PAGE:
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Don Tassone is the author of two novels and five short story collections. He lives in Loveland, Ohio. Visit him at dontassone.com.

After my accident in 1972, I fell into a coma. A few days ago, I woke up.
How I've managed to stay alive, I don't know. For nearly 50 years, as I lay in bed, I wasn't able to see or speak or move. But I heard everything, and I followed what was happening in the world.
When I awoke, I asked my nurse why she wasn't wearing a mask.
"A mask?" she said.
"For Covid."
"For what?"
I tried to explain, but she seemed oblivious. Maybe it was the shock of me waking up.
Over the next two days, I talked to a slew of doctors. They quizzed me about what I claimed I'd heard while I was unconscious.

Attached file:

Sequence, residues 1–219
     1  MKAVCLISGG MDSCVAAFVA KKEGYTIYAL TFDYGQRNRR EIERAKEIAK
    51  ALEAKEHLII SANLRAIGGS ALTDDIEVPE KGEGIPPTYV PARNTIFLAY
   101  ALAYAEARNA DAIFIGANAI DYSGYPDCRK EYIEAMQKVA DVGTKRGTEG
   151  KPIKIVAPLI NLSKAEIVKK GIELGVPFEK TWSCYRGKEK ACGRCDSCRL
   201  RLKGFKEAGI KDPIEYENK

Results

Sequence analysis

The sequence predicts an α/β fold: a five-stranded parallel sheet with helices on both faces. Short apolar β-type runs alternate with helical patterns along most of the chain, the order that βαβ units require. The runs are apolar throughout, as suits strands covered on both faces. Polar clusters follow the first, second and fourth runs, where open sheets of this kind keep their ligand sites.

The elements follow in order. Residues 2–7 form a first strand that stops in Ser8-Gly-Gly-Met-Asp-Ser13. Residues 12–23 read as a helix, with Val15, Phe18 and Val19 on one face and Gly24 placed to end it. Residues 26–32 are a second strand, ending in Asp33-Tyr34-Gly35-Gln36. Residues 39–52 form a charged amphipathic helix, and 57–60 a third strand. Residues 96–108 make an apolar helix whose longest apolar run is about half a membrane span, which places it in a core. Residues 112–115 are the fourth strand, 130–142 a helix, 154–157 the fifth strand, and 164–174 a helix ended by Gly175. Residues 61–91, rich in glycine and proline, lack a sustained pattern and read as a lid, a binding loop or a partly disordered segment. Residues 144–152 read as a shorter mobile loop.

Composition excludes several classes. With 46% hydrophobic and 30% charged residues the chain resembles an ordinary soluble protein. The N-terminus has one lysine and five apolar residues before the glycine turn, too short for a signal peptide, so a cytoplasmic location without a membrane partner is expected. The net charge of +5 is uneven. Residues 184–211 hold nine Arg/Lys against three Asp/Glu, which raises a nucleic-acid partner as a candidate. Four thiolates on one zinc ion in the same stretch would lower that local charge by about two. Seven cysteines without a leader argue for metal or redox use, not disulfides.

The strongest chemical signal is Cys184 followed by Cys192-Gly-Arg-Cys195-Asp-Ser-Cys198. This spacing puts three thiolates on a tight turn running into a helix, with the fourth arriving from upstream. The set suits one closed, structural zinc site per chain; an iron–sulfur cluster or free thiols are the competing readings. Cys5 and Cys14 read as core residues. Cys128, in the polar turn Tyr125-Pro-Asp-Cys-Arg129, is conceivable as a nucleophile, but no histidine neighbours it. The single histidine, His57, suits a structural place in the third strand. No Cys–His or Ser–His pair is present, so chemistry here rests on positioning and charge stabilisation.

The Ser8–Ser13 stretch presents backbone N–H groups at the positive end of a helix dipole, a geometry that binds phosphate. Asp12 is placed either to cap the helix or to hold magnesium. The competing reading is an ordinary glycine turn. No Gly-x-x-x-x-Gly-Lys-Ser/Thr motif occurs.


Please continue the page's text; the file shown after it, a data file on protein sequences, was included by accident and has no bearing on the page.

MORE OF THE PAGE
I told them everything. I told them about Watergate and three presidential impeachments, the Internet and cell phones, 9/11 and Covid-19.
They seemed not to know about any of these things. In fact, they seemed skeptical of everything I said.
I wished someone would come to my aid. I wished my parents were around. It still made me sad that I'd missed their funerals. It made me sad that my friends stopped coming by to see me decades ago. I've been alone a very long time.
I heard voices in the hallway outside my door. I heard my name. Finally, a doctor came in and told me they'd decided to transfer me to a special facility for "observation and treatment."
My new room is nearly bare. There's a calendar on my wall. I stare at it a lot. It's for the year 1972. It looks new.
The End
This story was first published on Thursday, July 14th, 2022
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